William Holman Hunt , Millais John Everett, and Dante Gabriel Rossetti found the Pre-Raphaelite Brotherhood
 
 
Pre-Raphaelite Brotherhood
 
Pre-Raphaelite Brotherhood, group of young British painters who banded together in 1848 in reaction against what they conceived to be the unimaginative and artificial historical painting of the Royal Academy and who purportedly sought to express a new moral seriousness and sincerity in their works. They were inspired by Italian art of the 14th and 15th centuries, and their adoption of the name Pre-Raphaelite expressed their admiration for what they saw as the direct and uncomplicated depiction of nature typical of Italian painting before the High Renaissance and, particularly, before the time of Raphael. Although the Brotherhood’s active life lasted not quite five years, its influence on painting in Britain, and ultimately on the decorative arts and interior design, was profound.
 
The Pre-Raphaelite Brotherhood was formed in 1848 by three Royal Academy students: Dante Gabriel Rossetti, who was a gifted poet as well as a painter, William Holman Hunt, and John Everett Millais, all under 25 years of age. The painter James Collinson, the painter and critic F.G. Stephens, the sculptor Thomas Woolner, and the critic William Michael Rossetti (Dante Gabriel’s brother) joined them by invitation. The painters William Dyce and Ford Madox Brown, who acted in part as mentors to the younger men, came to adapt their own work to the Pre-Raphaelite style.

The Brotherhood immediately began to produce highly convincing and significant works. Their pictures of religious and medieval subjects strove to revive the deep religious feeling and naive, unadorned directness of 15th-century Florentine and Sienese painting. The style that Hunt and Millais evolved featured sharp and brilliant lighting, a clear atmosphere, and a near-photographic reproduction of minute details. They also frequently introduced a private poetic symbolism into their representations of biblical subjects and medieval literary themes. Rossetti’s work differed from that of the others in its more arcane aesthetic and in the artist’s general lack of interest in copying the precise appearance of objects in nature. Vitality and freshness of vision are the most admirable qualities of these early Pre-Raphaelite paintings.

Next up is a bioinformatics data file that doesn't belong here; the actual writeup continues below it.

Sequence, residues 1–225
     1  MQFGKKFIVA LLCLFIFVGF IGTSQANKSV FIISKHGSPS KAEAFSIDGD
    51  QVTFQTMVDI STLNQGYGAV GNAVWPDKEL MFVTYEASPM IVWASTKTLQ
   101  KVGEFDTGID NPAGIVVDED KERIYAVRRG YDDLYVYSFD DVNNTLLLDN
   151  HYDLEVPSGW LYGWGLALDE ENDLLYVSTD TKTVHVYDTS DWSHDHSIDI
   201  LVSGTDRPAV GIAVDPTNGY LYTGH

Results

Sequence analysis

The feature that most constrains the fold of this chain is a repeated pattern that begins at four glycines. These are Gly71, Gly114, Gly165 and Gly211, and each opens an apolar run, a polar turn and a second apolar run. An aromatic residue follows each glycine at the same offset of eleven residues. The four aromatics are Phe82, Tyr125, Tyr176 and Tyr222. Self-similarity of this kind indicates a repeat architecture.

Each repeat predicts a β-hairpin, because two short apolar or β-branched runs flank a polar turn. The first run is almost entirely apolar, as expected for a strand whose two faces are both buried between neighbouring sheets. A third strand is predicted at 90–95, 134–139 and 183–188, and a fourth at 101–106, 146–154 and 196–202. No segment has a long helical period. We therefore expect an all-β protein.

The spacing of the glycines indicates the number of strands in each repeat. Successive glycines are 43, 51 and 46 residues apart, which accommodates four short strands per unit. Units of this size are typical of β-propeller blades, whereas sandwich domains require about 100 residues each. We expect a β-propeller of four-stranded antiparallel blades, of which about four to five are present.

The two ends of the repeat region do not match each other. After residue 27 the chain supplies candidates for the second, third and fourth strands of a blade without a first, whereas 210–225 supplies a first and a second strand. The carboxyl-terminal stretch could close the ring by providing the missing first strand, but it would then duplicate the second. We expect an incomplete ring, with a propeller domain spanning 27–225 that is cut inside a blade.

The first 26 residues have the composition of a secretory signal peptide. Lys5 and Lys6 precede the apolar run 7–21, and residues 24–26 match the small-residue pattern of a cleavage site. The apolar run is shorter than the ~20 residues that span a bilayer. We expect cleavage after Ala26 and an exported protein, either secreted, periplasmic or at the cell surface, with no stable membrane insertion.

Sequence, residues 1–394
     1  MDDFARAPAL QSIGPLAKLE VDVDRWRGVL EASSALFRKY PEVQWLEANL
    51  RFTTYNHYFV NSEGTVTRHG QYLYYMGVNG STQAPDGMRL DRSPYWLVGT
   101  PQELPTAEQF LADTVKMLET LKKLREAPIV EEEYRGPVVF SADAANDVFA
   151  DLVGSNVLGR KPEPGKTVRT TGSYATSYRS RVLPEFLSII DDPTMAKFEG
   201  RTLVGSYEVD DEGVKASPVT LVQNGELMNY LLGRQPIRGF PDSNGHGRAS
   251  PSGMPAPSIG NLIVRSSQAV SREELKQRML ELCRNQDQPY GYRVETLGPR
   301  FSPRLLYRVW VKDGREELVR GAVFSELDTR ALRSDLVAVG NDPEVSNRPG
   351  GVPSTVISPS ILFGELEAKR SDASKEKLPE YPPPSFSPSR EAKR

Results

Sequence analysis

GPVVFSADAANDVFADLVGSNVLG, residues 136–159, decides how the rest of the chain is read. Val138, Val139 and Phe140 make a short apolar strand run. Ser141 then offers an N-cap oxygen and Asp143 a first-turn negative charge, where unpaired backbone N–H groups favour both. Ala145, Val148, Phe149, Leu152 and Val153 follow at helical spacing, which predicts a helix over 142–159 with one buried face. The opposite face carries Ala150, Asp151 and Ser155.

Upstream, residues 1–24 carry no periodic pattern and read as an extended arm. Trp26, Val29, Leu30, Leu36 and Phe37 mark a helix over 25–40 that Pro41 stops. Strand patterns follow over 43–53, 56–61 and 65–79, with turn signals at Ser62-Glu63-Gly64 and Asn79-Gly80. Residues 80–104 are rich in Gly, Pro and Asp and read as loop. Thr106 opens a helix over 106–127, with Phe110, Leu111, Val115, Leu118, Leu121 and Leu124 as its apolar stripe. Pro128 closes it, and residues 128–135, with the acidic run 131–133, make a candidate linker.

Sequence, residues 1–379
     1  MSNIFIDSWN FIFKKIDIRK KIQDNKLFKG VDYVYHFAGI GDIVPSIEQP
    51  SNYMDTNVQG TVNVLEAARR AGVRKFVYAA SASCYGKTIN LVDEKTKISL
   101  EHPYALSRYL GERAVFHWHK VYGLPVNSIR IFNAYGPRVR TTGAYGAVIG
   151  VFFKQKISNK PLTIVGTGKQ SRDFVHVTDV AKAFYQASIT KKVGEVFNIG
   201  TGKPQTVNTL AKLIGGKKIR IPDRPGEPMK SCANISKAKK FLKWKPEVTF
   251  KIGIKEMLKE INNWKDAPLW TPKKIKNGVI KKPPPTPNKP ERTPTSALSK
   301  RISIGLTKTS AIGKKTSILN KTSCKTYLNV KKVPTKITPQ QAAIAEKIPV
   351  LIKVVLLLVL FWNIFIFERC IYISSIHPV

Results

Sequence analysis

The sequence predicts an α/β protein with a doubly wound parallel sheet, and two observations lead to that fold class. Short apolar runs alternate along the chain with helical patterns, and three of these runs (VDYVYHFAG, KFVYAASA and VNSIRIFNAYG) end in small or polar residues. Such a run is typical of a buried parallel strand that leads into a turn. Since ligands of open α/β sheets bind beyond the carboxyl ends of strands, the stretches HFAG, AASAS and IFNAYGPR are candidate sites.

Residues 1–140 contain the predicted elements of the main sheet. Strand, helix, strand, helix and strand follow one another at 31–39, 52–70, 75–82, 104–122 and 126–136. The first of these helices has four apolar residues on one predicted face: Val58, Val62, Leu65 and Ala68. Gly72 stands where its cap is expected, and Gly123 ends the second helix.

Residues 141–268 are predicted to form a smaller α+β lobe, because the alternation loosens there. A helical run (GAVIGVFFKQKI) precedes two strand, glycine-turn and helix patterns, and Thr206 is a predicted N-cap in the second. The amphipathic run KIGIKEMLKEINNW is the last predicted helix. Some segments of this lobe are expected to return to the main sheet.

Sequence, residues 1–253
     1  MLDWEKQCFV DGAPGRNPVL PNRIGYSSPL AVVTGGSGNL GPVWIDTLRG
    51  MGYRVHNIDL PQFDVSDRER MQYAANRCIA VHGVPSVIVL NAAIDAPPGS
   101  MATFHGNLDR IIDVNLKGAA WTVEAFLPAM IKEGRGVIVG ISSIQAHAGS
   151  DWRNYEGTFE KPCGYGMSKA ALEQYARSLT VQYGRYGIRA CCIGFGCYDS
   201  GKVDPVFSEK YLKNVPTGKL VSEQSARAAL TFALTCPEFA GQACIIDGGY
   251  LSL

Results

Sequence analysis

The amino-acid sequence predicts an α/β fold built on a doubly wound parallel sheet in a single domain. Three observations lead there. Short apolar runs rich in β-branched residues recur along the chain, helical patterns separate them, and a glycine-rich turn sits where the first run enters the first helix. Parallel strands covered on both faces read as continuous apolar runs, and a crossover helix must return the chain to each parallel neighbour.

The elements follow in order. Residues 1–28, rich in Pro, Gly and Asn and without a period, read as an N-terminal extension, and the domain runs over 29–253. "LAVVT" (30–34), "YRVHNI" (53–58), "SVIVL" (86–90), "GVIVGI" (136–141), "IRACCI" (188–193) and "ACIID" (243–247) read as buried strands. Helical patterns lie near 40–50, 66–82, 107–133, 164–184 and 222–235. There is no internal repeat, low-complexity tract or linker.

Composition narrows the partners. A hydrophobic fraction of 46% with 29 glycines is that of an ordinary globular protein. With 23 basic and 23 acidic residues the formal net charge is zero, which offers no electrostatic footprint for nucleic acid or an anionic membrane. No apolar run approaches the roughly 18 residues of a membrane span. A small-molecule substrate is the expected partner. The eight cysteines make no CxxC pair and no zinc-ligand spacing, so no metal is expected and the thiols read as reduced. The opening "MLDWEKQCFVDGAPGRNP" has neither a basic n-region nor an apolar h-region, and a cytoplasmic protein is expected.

Some of the founding members exhibited their first works anonymously, signing their paintings with the monogram PRB. When their identity and youth were discovered in 1850, their work was harshly criticized by the novelist Charles Dickens, among others, not only for its disregard of academic ideals of beauty but also for its apparent irreverence in treating religious themes with an uncompromising realism. Nevertheless, the leading art critic of the day, John Ruskin, stoutly defended Pre-Raphaelite art, and the members of the group were never without patrons.

By 1854 the members of the Pre-Raphaelite Brotherhood had gone their individual ways, but their style had a wide influence and gained many followers during the 1850s and early ’60s. In the late 1850s Dante Gabriel Rossetti became associated with the younger painters Edward Burne-Jones and William Morris and moved closer to a sensual and almost mystical romanticism. Millais, the most technically gifted painter of the group, went on to become an academic success.

 
Dante Gabriel Rossetti. Proserpine
 

Hunt alone pursued the same style throughout most of his career and remained true to Pre-Raphaelite principles. Pre-Raphaelitism in its later stage is epitomized by the paintings of Burne-Jones, characterized by a jewel-toned palette, elegantly attenuated figures, and highly imaginative subjects and settings.

Encyclopædia Britannica

 
 
see also:
 
Ford Madox Brown
Edward Burne-Jones
James Collinson
Walter Crane
Thomas Cooper Gotch

Arthur Hughes
William Holman Hunt
John Everett Millais
William Morris
Dante Gabriel Rossetti
John William Waterhouse
 
 

William Holman Hunt. The Hireling Shepherd
 
 
     
  Neoclassicism and Romanticism
Realism, Impressionism and
Post-Impressionism
Symbolism